so what is fashion week like for an up and coming designer?

What about the rising stars, the people working with small teams and even smaller budgets? How do they do it? Is it worth it? And what does Fashion Week actually do for these labels?

by Courtney Iseman
04 September 2014, 3:25pm

Istituto Marangoni

The all-nighters designers and their teams pull to prepare for Fashion Week are common knowledge, but no one seems to get down to specifics when talking about just how much goes into getting ready, and just how much it costs. This past February, talked to some industry insiders to break down some of the necessary price tags. Experiences vary based on how designers decide to go about things (like showing at Lincoln Center versus off-site), but on average, the report listed costs like $15,000 to $60,000 for venue, $10,000 for styling, $10,000 to $20,000 for production, $5,000 to $15,000 for PR and $150 to $500 per model.

It's a pretty overwhelming bill, and that's not even touching on the extreme amount of work to get ready to show, all at a pretty breakneck speed. As far as larger, more established lines, these costs and the workload is factored in, planned for and budgeted for. These labels know what they're in for. Their teams tend to be just large enough to handle business, and there's a support system from other teams in the business, too. It's all for the big picture, the fact that these brands have appearances to keep up. They show at Fashion Week to feed into the hunger of the press and their fans for a peek at the new collection.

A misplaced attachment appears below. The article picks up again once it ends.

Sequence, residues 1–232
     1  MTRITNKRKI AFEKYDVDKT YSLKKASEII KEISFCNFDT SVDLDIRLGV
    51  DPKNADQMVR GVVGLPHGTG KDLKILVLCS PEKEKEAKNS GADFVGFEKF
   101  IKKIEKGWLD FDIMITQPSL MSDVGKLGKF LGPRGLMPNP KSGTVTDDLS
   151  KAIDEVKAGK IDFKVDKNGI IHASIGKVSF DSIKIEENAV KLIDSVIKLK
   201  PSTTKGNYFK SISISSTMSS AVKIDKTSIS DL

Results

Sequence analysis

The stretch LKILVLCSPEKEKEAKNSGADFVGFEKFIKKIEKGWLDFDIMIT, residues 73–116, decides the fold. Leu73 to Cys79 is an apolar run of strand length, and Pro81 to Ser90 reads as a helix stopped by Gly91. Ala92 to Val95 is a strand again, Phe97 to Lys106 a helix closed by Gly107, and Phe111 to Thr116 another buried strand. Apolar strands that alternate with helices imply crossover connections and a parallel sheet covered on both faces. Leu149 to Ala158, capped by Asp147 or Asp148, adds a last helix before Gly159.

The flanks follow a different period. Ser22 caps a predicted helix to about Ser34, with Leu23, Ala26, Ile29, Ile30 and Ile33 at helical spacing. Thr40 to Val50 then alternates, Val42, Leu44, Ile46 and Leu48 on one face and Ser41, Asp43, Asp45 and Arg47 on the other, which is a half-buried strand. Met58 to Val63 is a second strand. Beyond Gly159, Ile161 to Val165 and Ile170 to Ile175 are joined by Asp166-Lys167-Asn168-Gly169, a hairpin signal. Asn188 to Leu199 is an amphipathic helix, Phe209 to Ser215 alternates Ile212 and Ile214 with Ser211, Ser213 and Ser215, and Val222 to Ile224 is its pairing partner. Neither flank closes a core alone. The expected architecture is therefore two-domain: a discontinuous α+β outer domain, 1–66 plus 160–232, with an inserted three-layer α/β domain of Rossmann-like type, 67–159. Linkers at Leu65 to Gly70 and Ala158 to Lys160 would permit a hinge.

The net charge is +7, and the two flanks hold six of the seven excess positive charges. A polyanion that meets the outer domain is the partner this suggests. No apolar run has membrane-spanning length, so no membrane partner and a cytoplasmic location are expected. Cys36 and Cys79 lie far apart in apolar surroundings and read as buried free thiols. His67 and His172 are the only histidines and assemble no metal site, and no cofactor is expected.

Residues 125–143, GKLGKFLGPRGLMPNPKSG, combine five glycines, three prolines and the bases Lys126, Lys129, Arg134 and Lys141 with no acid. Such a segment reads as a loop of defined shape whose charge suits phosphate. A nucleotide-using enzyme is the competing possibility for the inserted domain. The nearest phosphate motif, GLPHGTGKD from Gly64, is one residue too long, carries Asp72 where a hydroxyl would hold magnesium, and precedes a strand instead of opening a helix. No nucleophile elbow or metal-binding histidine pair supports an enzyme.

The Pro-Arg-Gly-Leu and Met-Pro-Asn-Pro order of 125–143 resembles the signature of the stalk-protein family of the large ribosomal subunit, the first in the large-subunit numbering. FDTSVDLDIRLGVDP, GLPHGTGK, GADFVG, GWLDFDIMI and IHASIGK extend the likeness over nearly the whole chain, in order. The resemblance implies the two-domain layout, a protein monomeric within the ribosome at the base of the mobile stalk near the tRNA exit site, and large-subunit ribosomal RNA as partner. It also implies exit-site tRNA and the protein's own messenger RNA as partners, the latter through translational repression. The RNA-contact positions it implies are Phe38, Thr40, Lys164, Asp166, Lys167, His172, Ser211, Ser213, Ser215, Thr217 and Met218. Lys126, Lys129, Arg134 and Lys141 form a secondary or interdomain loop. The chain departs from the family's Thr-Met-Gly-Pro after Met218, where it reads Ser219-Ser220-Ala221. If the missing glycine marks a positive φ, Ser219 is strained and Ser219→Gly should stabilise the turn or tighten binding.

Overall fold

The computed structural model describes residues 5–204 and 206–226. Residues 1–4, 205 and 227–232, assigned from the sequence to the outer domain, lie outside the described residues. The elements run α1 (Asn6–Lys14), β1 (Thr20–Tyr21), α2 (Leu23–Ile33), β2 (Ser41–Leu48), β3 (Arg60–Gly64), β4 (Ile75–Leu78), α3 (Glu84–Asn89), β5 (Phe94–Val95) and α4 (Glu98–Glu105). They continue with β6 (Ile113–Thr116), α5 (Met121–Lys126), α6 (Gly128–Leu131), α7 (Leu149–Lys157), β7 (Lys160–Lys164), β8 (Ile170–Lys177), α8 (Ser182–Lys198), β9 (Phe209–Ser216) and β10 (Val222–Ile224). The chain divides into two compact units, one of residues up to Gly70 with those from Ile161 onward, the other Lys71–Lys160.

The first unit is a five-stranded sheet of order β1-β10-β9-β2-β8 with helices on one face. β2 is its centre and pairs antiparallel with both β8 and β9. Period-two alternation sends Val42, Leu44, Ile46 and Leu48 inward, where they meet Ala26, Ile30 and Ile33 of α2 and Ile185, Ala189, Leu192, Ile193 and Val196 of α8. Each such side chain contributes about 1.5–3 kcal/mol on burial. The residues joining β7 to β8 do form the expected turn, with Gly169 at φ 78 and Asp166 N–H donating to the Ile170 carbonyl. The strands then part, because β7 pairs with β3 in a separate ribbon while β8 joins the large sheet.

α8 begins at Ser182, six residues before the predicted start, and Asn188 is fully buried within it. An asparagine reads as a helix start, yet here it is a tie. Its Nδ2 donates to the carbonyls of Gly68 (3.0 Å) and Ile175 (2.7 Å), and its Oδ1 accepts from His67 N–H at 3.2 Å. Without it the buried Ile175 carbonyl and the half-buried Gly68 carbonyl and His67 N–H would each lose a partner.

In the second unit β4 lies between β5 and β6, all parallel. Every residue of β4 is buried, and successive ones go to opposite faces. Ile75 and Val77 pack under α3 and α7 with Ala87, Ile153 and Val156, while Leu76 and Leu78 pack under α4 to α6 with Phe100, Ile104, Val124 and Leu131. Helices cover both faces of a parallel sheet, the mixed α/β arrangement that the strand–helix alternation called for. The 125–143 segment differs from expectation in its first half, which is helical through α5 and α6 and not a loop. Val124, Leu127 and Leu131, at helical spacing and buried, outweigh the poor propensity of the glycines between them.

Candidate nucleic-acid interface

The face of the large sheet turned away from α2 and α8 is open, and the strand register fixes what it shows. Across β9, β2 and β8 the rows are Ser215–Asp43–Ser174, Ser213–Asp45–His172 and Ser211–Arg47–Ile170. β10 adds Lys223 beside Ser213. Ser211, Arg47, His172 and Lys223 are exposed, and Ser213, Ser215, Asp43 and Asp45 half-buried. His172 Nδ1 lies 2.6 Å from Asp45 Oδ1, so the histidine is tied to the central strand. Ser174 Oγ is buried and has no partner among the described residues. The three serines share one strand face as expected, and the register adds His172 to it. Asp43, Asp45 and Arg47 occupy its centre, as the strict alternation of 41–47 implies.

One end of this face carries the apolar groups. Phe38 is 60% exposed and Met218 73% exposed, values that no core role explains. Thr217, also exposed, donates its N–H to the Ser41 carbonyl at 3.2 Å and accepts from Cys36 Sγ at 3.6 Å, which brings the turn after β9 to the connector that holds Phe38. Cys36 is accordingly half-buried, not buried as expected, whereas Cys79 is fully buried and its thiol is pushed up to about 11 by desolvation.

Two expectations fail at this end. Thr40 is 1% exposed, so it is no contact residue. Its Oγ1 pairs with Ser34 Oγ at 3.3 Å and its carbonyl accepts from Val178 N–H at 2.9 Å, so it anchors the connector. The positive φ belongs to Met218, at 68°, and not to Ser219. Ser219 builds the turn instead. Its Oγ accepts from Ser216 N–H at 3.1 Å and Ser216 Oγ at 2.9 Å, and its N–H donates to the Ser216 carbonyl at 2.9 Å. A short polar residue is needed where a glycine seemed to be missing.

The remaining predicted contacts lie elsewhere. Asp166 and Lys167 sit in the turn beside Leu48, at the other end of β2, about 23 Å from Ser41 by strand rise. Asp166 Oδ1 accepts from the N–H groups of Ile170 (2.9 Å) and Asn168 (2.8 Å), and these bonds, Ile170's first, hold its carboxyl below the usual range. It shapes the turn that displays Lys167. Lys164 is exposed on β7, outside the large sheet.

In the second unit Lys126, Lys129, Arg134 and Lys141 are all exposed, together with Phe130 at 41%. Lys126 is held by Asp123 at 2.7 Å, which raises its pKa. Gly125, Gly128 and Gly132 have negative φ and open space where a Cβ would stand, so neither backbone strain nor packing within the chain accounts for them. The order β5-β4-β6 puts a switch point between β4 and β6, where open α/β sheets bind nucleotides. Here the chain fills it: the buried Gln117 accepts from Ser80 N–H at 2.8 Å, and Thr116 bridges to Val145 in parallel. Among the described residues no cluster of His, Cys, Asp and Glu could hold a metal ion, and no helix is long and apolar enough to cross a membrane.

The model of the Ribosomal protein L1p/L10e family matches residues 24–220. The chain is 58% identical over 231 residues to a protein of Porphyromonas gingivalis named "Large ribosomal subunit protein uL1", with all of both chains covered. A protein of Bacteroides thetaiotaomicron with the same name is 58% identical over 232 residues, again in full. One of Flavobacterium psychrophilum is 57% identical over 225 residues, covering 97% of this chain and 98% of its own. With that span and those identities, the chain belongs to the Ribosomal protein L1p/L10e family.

But what about the up-and-coming designers, the people working with small teams and smaller budgets? There are designers who show at Fashion Week that are rising too fast and becoming too hot to not show, but they're not so established that they can outsource half the workload. How do they do it? Is it worth it? What does Fashion Week actually do for these labels?

Sandy Liang is a New York-based designer who just started her line for autumn/winter 14, but she is already generating serious buzz. This Fashion Week will be Liang's first time presenting. For a designer like her, showing at Fashion Week seems undeniably essential - she needs to keep that momentum rising for her second collection. Liang says she hopes the presentation will allow people to have a better understanding of her aesthetic and her story. But such a new designer won't have the resources at her fingertips that many well-established brands do. Liang's team is just her and her interns, as well as her boyfriend and brother who pitch in to help. She admits that the preparation has been a bit uneasy, and that at times, the build-up can get nerve-wracking. Yet, she's excited, and sees this presentation as an opportunity to meet people and connect. One way Liang is staying sane is not letting the plans get out of control.

"I made sure that my presentation wouldn't be a huge production. The presentation, including the venue and vibe, should reflect my aesthetic - so it'll be easygoing, interactive, funny… I think there is a certain pressure for designers to feel as if they need to make a big production and show off their clothes in the coolest way possible, but if anything, I've learned to just do what feels right for yourself. For me, that means no runway and nothing that feels too sterile. My ideal presentation would be somewhat interactive, where you can talk to people, have a drink, and enjoy the clothes."